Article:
Bollywood singers, artists weigh in on nepotism debate
Following Sonu Nigam’s revelations, various singers and artists have opened about the workings of the Hindi music industry
The suicide of Sushant Singh Rajput has triggered discussions on nepotism and discrimination in Bollywood. Recently, singer Sonu Nigam said in a video that favoritism is prevalent in the music industry. Sonu said that in the future people possibly could hear the news of a singer dying by suicide as well. He also urged the music industry to be kind and humane to newcomers. Following Sonu’s allegations, various singers and artists have opened about the workings of the Hindi music industry.
Singer Jubin Nautiyal said, “We all have to understand one thing, there was a time when there was no Internet. But today, it's more content-driven. Nobody knows but now, even a small song from anywhere can turn out to be a huge hit. Whatever sounds best to the ear, to the whole team of people who are producing the song, is what works eventually."
He added, "You can have favourites but sometimes, when a singer or a composer comes up with a great song, you acknowledge it. You can't deny that, right? Nepotism can be one of the factors that affected the industry in the past, but today, what matters is good content, talented artists and good sound. That's what every music label, director or producer is looking for."
Singer-composer Amaal Malik, who hails from a family of musicians, claimed it's difficult for an industry kid to get recognition.
"First of all, with due respect to my dad (Daboo Malik), he wasn't an ace composer. He never got the success that my uncle did. So it wasn't a phone call that went and someone said, 'Please listen to my son, he is a composer'. He's obviously done his share of songs and he found his little bit of success. When Armaan sang his first song for Vishal Dadlani, he didn't know that they were making Daboo Malik's son sing. He went inside the studio when he was 10-11, sang a scratch and it went on to be part of Bhoothnath. He didn't get the opportunity because he was so and so's kid."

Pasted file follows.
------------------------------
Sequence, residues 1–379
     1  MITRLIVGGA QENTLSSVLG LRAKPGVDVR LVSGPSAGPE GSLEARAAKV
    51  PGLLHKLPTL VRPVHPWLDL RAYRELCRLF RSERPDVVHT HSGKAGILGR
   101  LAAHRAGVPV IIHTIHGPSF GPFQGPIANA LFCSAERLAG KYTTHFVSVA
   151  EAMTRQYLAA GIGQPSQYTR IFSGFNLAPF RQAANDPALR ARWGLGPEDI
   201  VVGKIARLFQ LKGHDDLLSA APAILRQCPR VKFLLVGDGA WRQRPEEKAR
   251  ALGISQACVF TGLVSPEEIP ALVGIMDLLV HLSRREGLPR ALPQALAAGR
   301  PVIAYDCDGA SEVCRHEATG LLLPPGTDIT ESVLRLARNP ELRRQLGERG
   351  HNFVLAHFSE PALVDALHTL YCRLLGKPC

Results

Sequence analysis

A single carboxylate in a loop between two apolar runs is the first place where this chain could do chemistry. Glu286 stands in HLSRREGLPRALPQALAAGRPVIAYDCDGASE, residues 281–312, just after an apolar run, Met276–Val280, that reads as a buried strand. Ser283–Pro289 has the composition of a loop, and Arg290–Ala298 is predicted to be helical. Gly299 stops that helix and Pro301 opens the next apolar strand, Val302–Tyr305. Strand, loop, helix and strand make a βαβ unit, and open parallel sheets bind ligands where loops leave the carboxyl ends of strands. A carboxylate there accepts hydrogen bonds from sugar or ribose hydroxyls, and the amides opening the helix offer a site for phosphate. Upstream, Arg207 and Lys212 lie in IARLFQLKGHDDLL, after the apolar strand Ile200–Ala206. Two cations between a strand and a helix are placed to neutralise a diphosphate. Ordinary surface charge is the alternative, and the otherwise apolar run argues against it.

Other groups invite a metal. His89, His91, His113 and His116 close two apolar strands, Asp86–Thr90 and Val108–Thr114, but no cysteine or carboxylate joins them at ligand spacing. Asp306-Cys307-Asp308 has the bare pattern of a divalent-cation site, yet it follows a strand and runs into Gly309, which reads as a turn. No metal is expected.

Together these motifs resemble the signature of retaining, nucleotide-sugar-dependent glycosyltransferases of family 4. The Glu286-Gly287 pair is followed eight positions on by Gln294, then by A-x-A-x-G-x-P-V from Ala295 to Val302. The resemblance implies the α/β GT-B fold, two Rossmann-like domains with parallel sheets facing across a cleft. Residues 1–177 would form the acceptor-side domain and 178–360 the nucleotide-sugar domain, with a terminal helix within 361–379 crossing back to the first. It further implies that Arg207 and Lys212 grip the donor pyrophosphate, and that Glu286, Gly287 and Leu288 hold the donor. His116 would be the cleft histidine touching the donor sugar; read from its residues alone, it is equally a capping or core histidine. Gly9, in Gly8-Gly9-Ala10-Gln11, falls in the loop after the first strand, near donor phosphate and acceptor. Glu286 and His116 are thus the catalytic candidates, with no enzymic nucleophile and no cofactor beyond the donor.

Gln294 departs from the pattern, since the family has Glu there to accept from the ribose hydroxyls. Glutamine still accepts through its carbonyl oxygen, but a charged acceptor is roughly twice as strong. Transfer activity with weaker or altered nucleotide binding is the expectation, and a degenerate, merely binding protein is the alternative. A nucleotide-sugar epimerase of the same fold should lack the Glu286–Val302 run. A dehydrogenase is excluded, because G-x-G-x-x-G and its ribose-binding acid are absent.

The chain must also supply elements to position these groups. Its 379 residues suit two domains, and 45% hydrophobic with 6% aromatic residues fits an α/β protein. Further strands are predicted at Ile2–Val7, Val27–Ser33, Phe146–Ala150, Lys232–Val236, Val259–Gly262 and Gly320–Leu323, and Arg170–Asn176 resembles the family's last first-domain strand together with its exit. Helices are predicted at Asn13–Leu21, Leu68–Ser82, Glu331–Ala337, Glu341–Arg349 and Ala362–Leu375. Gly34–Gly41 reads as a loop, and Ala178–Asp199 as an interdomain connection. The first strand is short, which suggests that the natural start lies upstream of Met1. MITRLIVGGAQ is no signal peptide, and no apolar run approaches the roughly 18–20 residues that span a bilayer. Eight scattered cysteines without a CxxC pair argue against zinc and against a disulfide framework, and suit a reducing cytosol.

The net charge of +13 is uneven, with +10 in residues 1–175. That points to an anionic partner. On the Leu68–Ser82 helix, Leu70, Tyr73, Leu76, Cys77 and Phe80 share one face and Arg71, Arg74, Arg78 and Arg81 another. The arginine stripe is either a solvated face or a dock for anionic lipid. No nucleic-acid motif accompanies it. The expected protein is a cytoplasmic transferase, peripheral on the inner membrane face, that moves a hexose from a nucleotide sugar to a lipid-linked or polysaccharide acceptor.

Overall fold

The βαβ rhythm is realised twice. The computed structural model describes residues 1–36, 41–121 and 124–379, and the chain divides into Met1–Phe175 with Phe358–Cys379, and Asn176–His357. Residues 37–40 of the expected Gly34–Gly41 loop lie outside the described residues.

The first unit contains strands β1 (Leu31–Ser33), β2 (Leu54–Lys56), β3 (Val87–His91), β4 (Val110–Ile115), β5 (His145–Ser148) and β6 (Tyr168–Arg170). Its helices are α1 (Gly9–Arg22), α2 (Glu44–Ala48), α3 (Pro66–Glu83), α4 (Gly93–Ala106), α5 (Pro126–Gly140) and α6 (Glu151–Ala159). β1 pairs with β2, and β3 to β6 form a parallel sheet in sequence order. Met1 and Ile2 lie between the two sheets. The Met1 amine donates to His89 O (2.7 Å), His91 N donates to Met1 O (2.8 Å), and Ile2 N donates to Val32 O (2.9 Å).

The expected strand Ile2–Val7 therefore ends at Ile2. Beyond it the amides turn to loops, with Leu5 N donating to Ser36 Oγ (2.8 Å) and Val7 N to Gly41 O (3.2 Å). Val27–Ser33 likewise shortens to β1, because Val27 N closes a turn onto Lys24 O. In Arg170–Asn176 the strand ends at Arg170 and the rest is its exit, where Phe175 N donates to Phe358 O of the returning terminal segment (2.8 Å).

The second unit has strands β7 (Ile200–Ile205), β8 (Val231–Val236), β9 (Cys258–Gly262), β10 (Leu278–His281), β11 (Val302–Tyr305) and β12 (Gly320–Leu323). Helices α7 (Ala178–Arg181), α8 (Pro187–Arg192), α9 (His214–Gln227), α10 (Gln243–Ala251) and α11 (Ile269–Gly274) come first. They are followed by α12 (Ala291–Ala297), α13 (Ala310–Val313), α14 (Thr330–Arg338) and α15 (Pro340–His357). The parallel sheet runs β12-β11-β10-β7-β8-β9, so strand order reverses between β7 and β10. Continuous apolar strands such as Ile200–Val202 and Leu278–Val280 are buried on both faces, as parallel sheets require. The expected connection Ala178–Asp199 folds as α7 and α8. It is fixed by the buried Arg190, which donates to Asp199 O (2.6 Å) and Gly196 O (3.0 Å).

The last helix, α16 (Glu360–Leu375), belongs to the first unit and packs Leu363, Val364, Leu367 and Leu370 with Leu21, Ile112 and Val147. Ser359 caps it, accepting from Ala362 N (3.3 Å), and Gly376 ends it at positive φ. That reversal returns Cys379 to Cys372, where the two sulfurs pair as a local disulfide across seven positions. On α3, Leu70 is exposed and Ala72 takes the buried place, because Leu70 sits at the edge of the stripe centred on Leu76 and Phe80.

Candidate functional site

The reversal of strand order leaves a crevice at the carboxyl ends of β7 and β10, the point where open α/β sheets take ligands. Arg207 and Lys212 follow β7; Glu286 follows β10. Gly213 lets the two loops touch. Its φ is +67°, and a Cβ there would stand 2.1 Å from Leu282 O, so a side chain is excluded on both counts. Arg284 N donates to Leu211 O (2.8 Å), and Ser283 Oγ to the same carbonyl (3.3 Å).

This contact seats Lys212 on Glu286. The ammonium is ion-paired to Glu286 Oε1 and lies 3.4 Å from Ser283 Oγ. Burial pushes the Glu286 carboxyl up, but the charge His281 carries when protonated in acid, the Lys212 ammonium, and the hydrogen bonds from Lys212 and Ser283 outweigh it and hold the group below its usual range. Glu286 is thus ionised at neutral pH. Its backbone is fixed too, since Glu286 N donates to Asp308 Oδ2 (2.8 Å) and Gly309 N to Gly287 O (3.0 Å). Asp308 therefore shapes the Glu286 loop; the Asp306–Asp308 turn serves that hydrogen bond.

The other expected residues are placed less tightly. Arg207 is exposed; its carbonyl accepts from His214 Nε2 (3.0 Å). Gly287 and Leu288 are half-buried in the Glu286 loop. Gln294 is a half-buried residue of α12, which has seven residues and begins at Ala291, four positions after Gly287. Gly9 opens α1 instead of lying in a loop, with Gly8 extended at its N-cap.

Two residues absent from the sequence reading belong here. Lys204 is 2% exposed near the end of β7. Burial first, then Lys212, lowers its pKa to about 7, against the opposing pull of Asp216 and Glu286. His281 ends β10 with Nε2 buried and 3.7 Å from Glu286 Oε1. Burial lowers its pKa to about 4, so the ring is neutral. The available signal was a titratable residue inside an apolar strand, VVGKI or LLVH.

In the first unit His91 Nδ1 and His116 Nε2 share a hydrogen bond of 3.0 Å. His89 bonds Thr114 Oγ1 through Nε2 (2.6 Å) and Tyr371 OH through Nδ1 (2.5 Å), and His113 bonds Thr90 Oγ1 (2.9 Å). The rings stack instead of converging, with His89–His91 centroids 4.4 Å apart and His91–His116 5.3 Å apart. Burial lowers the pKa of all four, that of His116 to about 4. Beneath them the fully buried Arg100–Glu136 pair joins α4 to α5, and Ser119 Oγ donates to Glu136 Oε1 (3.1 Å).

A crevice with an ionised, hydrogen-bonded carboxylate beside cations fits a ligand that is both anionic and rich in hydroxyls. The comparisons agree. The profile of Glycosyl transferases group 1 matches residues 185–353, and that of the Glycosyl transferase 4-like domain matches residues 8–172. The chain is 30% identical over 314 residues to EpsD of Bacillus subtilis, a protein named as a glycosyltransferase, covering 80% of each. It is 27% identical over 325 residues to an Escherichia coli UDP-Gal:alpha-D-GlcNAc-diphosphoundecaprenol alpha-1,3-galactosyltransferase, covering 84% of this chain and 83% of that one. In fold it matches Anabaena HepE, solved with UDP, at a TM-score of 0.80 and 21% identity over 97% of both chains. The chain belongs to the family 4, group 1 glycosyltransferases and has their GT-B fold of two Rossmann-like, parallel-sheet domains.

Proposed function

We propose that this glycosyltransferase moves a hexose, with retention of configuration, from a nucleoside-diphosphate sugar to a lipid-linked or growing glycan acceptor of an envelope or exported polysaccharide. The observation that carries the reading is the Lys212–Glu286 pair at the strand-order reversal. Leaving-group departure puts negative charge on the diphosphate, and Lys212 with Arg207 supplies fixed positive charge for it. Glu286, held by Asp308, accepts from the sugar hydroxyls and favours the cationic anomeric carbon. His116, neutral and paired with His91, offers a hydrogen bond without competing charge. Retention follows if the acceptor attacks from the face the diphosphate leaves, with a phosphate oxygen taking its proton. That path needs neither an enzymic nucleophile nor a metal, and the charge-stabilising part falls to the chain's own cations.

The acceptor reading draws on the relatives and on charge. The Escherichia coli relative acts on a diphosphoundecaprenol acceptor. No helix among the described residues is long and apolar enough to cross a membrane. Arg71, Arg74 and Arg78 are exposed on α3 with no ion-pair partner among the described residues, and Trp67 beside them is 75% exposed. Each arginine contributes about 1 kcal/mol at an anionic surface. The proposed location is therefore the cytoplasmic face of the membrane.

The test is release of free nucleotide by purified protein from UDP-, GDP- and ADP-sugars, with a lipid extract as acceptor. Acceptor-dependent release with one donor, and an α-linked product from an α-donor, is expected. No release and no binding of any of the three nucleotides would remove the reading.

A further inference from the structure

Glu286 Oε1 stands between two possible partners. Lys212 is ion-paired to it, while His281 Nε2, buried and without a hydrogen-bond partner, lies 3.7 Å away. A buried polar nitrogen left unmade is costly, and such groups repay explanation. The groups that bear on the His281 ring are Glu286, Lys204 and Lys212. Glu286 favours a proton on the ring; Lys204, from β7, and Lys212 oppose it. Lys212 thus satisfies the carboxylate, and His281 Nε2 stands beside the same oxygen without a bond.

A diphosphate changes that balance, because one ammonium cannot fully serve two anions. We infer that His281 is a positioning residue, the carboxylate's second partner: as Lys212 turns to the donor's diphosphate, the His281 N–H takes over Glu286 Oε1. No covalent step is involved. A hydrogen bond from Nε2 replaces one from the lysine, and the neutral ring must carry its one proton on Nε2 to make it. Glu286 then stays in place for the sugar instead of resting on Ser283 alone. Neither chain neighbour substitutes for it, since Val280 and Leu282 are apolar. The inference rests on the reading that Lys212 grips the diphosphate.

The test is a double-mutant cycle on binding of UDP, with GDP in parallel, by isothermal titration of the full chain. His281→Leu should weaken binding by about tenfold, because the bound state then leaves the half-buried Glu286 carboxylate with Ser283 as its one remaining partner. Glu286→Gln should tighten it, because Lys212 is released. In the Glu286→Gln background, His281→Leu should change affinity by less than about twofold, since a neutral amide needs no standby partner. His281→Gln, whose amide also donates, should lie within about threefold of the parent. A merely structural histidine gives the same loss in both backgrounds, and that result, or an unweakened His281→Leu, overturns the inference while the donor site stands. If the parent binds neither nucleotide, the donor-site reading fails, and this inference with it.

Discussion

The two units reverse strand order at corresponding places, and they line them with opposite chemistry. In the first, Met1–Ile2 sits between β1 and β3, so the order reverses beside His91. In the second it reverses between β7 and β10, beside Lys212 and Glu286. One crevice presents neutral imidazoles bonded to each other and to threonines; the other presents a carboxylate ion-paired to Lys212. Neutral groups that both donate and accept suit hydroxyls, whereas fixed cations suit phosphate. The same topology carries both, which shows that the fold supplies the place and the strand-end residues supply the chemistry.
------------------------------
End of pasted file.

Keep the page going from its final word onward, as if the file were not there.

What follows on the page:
Amaal reasoned that coming from a particular gharana does not guarantee success.
"A lot of people have that notion that it must have been easier for me because I had the Malik tag. But I don't feel it's right,” he said. “With due respect to someone like Ankit Tiwari who leaves everything at home to come and make it big here without any backing, I agree I have an advantage. I know how things work. I have seen the failures of my family members so I know how it would work and that's the only difference. I have been doing it since the age of 19 but I got my first film at 24. Even for that film, my younger brother and my mom went on a film set to meet Salman Khan. We waited for 7 hours until he could hear a CD of our work. We wanted someone to launch our music and maybe just say something if he liked it. Because the music was good, he gave us an opportunity.”
Lyricist Manoj Muntashir said the systems and structures in the music and film industries are vastly different. "The music industry is not just about Bollywood, it's beyond that. So nepotism or dynasticism exists in Bollywood and we have had several debates about that. But in the music industry, there's nothing called nepotism or dynasticism. Take singers of 90s then because if nepotism was prevalent, then only the kids of the popular singers from that generation would have ruled now, whether it's Kumar Sanu, Udit Narayan, Alka Yagnik. Then how did we have Rochak, Jubin, Sachet or even Tanishk Bagchi? They are all outsiders. If nepotism chalta, then they would not be here."
He continued: “We, as a bunch of people, are clear testimony to the fact that nepotism doesn't exist in the music industry. In fact, we are doing a huge disservice to people and new talents by propagating fear because now, they will feel our industry is filled with tyrants and they will destroy you. Let's get it clear: there's no dictatorship, no tyranny, no anarchy, no fascism in the music industry. There's no democracy either. Democratic values don't count for great business after all.”